These are so much ingrained to children from an early age that they grow up to view them as perfectly natural, expected, par for the course: An experienced pedagogist was telling me the other day regarding potty training that she recommends when a toddler is successful to congratulate them with "well done" and a drop of their parent's cologne or perfume on their hands. An Austrian acquintance of elementary school age came back from a trip grabbing not only chocolates, but also minis of 4711 Eau de Cologne. For herself and for her friends I might add. Relatives give small sips of red wine to their little kids so they develop the palate to appreciate them at a later age. French friends routinely give camembert (a non pasteurised cheese) to their small children without as much as raising an eyebrow as to any microbe scare. Heidi, in the famous Yohana Spiri novel, a Swiss child, was accustomed to drink goat's milk (a quite smelly kind of milk in its raw form) straight after the milking off the animal. The antithesis in the form of revolted apostasis to that was Miss Rottenmeier, the austere, dried-up sprinster who was responsible for the kids at her German friend's home in Frankfurt. European children in short are taught from the craddle onwards that smells are not a bad thing on the whole. Sure, some are more likeable than others and everyone has personal preferences, but they form part of the sensual world. And the sensual world is something to embrace and indulge in, rather than reject and demonise.
Contrast with the American reality and lore, where smelly stuff is (seemingly inherently) bad and many things having to do with the body are demonized by the status quo. Even the phrase "it smells" usually has a negative connotation: Putting perfume on small children is generally seen as sexualising the child, even by people who themselves are responsive to perfumes. The value of keeping childhood innocence for as long as possible in nowhere more pronounced than in American culture, as attested by children's fairy tales of local origin, films and prototypes which, enthused as they are into passing the best possibly intented pedagogical messages, sometimes tend to overexaggerate in their zest. If Snow White was an American tale, she would never have eaten the poisoned apple but instead would have responded to the wiles of the evil stepmother with a "This isn't washed nor peeled, talk to the hand!".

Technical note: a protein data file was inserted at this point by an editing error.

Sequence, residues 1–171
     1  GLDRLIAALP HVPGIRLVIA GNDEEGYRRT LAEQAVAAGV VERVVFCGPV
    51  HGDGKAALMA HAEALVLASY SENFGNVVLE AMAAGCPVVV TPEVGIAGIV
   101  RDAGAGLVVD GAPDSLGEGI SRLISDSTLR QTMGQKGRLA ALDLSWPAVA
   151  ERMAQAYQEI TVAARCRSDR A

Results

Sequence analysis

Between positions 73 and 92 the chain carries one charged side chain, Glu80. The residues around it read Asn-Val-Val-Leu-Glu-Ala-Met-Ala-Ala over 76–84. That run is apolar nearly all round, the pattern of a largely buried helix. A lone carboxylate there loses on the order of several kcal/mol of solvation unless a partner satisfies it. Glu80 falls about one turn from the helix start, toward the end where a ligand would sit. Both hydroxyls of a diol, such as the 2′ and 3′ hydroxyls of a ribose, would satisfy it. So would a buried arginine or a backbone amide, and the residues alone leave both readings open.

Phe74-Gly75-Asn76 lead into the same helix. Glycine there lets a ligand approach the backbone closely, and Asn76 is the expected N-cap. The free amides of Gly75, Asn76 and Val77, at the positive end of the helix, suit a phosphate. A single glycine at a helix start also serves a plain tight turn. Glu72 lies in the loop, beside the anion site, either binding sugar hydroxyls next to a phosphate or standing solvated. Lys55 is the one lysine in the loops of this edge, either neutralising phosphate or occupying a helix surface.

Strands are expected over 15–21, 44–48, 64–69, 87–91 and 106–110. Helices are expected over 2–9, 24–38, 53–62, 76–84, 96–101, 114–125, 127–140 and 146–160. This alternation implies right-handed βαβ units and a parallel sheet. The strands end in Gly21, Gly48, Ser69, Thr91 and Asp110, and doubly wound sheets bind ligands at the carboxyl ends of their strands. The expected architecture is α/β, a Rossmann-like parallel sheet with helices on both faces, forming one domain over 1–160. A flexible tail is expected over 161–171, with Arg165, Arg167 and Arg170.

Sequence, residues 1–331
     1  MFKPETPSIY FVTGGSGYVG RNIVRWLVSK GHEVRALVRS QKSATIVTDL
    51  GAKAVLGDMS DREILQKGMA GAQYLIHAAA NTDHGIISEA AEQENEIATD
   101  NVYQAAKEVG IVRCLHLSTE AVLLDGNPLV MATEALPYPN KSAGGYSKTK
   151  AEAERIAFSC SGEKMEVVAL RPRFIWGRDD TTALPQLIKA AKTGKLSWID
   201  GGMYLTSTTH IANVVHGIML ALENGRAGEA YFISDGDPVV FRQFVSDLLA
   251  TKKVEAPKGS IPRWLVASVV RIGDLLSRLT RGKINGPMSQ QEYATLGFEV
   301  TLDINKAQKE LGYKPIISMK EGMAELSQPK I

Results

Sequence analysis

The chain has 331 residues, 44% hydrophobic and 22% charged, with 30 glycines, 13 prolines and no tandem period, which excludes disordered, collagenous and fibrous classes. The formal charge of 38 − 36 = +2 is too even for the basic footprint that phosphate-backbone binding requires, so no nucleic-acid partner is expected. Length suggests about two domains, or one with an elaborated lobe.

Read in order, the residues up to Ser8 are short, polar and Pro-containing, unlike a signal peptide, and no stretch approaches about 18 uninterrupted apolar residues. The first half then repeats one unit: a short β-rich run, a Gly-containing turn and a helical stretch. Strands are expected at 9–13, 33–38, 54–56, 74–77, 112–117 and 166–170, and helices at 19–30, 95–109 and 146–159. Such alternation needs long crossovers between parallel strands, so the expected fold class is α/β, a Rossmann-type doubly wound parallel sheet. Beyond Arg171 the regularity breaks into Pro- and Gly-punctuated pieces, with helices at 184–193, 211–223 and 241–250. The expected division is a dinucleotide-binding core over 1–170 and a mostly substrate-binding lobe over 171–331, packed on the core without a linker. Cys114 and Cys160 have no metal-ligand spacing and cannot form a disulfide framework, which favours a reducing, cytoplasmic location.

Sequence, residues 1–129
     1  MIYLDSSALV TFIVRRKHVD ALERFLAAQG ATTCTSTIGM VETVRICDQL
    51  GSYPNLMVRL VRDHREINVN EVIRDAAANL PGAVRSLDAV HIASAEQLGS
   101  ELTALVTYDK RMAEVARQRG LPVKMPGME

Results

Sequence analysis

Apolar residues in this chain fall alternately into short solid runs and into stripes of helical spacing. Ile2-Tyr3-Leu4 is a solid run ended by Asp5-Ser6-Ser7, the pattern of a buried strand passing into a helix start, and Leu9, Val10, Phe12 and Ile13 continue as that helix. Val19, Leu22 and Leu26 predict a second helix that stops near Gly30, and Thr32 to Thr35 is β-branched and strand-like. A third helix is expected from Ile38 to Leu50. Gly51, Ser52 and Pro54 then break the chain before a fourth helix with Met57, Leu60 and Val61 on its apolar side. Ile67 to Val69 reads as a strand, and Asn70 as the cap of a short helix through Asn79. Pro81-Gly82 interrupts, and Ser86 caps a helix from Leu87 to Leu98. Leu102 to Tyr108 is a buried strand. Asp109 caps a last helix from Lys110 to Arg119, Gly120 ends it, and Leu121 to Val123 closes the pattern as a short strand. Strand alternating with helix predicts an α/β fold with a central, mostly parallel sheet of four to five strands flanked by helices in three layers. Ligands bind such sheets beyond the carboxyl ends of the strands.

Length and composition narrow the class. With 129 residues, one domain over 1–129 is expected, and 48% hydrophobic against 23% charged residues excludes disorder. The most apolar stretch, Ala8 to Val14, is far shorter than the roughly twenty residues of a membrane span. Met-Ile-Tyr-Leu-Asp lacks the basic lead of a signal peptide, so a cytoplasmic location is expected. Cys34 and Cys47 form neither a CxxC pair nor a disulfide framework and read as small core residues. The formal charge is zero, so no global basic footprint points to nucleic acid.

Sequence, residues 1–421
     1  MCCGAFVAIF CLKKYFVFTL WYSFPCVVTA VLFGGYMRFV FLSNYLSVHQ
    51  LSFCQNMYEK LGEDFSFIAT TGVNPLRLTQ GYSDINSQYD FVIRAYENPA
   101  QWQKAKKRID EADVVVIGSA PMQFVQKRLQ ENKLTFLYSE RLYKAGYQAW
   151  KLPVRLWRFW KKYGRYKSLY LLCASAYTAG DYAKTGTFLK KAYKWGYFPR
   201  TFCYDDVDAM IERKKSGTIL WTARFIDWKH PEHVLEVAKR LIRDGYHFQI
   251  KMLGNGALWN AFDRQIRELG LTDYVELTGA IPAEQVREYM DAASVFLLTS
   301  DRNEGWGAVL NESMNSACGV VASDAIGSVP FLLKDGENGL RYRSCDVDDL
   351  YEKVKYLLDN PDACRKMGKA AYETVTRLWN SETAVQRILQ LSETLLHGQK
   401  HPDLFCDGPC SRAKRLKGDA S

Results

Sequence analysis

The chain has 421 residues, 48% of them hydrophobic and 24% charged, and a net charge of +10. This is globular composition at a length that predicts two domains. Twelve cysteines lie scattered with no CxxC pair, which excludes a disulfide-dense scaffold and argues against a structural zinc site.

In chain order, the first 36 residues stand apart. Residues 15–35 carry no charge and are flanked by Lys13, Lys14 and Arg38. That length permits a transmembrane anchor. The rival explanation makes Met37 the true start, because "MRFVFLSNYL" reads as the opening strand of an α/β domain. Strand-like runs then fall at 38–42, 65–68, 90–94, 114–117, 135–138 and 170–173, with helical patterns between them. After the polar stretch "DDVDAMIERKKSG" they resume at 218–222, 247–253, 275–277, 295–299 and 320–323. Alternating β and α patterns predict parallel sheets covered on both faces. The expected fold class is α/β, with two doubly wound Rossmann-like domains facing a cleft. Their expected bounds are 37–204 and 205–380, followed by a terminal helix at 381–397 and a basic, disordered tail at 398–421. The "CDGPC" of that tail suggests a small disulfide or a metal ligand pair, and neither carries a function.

Flowers are increasingly grown devoid of any particular smell, as if they are meant to look nice and just play the virgin. Come to think of it: Why was it such a big deal that Brooke Shields and Britney Spears were presented as virgins at the time of their prime? I have never heard such claims by any aspiring or established star in Europe (and if they did dare bring this up, it would be confusing and ridiculed, like "what the hell does this has to do with what your job is"?)
Urban kids eat chicken drumsticks coming out of a pack of 6, almost never having the experience of seeing someone defeather a real chicken (never mind a rooster) and seeing the guts discarded in a plate, unless they live on a farm of course. If you showed them or if you mention that process in a classroom full of kids, they would sooner respond "eww, don't gross us out" than make appreciative noises at the inherent violence (yes, children do embrace violence in healthy, necessary ways too) and curiously "dirty" satisfaction that such an act produces (Have you ever cooked a mean coq au vin having just received a rooster from a small supplier at the village? Do try it and then tell me!).
Therefore, if this talk among perfume enthusiasts about "stopping the madness of banning perfume and scented products" is to be taken seriously, then people, please try starting at the source: at the hand that rocks the craddle. It is the hand that rules the world. In the foreseeable future, at the very least.
Photo Erich Comeriner Petit Mannequin, Anonymous Weight Problems.